American Association for Cancer Research
10780432ccr133405-sup-ccr-13-3405figs1-4.pdf (301.91 kB)

Supplementary Figures 1 - 4 from A High-Affinity, High-Stability Photoacoustic Agent for Imaging Gastrin-Releasing Peptide Receptor in Prostate Cancer

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journal contribution
posted on 2023-03-31, 18:17 authored by Jelena Levi, Ataya Sathirachinda, Sanjiv S. Gambhir

PDF file - 300KB, Contains information about the dyes tested and characterization of the imaging agents. Figure S1. Dye Selection. The table lists all the dyes tested with their molecular weight, maximum excitation and emission wavelengths, extinction coefficient and quantum yield. Figure S2. AA3G-740 MALDI spectrum. Figure S3. Cell binding studies. A) Binding of AA3G-740 to PC3 cells was blocked by bombesin in a dose dependent manner. B) LNCaP cells showed minimal binding. At high concentration (30pmol) cell fluorescence was of a similar level as the one corresponding to non-specific binding in PC3 cells Figure S4. Blood lifetime. Very low amount of the agent was at 60 minutes post-injection suggesting short blood lifetime.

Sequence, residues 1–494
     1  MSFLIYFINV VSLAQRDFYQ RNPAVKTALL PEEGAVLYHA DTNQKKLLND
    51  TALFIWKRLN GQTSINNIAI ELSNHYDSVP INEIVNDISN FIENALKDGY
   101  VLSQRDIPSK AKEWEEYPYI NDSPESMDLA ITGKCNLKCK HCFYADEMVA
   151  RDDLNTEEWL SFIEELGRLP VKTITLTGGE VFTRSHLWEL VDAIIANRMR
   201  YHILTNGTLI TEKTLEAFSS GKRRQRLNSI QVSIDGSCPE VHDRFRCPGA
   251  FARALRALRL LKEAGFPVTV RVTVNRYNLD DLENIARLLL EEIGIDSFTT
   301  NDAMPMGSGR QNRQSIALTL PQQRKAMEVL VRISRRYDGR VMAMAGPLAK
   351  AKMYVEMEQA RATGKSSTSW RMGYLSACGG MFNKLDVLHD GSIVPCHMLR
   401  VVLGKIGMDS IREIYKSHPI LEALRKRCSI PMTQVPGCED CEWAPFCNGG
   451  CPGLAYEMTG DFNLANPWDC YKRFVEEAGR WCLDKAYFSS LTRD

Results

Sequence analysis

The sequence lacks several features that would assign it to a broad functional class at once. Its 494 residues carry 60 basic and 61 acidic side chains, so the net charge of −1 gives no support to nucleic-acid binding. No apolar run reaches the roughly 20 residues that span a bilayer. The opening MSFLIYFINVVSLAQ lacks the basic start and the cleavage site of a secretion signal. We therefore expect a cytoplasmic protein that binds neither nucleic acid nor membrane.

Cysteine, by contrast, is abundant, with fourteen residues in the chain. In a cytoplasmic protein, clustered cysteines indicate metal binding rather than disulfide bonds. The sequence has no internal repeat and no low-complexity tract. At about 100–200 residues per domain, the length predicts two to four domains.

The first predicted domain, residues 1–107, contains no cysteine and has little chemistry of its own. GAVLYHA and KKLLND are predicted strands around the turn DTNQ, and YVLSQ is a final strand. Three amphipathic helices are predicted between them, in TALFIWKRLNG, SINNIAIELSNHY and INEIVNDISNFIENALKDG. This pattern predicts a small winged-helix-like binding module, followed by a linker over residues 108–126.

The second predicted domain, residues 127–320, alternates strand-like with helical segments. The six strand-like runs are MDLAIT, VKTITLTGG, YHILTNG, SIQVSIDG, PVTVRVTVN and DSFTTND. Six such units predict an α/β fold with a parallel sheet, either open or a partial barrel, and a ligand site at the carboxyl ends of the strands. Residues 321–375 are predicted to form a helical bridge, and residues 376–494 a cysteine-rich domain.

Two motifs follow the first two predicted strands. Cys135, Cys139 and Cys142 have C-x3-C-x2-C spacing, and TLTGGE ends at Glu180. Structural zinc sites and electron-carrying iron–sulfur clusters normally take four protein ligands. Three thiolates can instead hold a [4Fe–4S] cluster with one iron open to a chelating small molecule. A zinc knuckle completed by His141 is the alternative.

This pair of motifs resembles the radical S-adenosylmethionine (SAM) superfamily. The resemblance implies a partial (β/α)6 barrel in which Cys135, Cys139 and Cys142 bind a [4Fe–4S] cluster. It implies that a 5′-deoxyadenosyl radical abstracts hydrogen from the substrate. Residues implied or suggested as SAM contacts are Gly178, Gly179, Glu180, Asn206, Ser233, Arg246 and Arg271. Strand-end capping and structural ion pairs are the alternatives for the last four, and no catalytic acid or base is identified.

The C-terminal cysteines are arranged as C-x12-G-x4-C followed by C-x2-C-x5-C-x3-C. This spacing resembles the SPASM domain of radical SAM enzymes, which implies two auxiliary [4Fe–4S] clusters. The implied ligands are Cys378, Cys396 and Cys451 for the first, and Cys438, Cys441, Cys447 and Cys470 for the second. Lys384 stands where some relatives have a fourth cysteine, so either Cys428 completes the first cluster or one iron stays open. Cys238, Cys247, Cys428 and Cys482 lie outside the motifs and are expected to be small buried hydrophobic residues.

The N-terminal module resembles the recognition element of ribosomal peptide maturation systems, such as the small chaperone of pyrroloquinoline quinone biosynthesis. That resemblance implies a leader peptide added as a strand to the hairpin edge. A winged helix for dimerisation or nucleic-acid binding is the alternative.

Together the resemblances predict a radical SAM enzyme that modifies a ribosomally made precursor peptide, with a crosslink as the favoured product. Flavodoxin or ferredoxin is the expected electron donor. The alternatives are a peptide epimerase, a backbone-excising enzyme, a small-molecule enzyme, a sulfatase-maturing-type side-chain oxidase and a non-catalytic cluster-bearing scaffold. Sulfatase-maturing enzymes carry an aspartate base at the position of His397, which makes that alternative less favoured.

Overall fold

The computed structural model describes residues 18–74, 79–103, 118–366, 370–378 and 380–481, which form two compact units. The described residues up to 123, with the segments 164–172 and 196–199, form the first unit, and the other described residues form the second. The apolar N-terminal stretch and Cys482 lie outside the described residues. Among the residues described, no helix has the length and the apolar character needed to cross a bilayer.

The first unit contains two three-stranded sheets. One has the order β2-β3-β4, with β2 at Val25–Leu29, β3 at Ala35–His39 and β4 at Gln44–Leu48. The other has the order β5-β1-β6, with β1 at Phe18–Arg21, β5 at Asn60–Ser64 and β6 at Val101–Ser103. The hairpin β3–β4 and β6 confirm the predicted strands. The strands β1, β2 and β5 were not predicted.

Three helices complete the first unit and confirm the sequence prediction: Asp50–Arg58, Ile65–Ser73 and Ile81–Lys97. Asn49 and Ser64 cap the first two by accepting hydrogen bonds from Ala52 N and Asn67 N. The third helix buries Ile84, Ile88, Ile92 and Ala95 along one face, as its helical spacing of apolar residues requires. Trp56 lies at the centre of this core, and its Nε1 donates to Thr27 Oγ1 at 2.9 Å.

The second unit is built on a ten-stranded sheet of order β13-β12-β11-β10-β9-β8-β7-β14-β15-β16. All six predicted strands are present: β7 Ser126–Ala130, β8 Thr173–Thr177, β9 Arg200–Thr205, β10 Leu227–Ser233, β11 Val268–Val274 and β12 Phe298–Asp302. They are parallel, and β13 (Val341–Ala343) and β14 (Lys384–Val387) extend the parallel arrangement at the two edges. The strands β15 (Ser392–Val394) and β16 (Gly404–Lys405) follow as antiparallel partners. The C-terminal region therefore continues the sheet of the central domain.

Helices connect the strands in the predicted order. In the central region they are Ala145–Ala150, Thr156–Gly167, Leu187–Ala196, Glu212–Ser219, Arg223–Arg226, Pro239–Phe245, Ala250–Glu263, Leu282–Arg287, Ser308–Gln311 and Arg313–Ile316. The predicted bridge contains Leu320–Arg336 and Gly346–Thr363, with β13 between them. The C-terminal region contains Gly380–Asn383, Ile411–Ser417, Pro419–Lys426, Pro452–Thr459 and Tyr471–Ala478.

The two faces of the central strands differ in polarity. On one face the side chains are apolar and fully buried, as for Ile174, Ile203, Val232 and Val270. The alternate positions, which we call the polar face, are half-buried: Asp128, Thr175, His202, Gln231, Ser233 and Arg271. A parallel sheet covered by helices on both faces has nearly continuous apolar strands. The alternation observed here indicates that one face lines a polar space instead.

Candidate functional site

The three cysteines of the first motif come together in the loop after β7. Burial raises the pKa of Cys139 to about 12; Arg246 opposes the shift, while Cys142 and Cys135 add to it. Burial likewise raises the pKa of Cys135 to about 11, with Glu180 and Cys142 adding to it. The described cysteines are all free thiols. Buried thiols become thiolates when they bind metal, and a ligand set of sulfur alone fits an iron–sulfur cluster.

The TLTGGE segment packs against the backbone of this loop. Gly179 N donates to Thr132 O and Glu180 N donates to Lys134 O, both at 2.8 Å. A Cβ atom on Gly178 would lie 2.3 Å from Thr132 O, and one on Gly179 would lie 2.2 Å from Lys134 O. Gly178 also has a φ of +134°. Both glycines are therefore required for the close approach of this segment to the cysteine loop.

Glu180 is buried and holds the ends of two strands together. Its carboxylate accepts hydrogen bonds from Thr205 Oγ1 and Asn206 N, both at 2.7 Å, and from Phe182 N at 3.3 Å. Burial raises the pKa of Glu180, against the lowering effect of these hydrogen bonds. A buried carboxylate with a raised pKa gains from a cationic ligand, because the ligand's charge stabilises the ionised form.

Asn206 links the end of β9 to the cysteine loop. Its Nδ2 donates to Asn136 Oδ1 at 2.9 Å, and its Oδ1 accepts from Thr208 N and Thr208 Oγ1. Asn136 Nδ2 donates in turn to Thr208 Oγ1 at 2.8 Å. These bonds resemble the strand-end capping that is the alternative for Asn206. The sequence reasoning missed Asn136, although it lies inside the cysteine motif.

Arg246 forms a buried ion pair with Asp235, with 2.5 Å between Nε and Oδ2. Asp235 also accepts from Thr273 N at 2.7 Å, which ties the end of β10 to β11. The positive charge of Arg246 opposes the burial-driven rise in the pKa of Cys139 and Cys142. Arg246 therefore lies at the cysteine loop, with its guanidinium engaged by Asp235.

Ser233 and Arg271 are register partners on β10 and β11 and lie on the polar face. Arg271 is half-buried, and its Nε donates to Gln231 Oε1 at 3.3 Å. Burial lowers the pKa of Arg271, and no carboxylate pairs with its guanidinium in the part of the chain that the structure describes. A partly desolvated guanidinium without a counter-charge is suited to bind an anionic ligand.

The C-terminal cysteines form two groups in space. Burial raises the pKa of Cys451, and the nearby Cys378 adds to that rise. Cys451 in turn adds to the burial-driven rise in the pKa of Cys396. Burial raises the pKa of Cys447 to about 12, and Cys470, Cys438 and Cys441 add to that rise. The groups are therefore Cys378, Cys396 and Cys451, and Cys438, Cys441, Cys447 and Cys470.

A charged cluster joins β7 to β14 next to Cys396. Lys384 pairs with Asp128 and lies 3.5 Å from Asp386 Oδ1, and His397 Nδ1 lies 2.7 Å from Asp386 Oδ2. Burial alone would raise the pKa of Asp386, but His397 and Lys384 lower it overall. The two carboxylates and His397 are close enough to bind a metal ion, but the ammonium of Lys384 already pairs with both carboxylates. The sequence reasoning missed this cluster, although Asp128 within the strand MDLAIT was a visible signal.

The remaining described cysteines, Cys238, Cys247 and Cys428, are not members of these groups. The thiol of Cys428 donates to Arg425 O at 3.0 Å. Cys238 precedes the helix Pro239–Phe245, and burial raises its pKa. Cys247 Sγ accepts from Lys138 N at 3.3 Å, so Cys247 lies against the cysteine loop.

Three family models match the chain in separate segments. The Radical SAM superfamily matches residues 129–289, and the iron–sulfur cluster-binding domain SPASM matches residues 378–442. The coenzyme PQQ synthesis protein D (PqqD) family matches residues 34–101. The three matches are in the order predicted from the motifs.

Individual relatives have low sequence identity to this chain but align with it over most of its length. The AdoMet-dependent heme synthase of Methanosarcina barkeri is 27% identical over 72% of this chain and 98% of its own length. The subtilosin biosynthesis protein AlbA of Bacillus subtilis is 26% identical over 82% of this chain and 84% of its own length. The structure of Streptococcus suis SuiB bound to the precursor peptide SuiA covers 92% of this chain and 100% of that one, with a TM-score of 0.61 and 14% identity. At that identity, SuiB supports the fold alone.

Purpose: To evaluate the utility of targeted photoacoustic imaging (PAI) in providing molecular information to complement intrinsic functional and anatomical details of the vasculature within prostate lesion.Experimental Design: We developed a PAI agent, AA3G-740, that targets gastrin-releasing peptide receptor (GRPR), found to be highly overexpressed in prostate cancer. The binding specificity of the agent was evaluated in human prostate cancer cell lines, PC3 and LNCaP, and antagonist properties determined by cell internalization and intracellular calcium mobilization studies. The imaging sensitivity was assessed for the agent itself and for the PC3 cells labeled with agent. The in vivo stability of the agent was determined in human plasma and in the blood of living mice. The in vivo binding of the agent was evaluated in PC3 prostate tumor models in mice, and was validated ex vivo by optical imaging.Results: AA3G-740 demonstrated strong and specific binding to GRPR. The sensitivity of detection in vitro indicated suitability of the agent to image very small lesions. In mice, the agent was able to bind to GRPR even in poorly vascularized tumors leading to nearly 2-fold difference in photoacoustic signal relative to the control agent.Conclusions: The ability to image both vasculature and molecular profile outside the blood vessels gives molecular PAI a unique advantage over currently used imaging techniques. The imaging method presented here can find application both in diagnosis and in image-guided biopsy. Clin Cancer Res; 20(14); 3721–9. ©2014 AACR.

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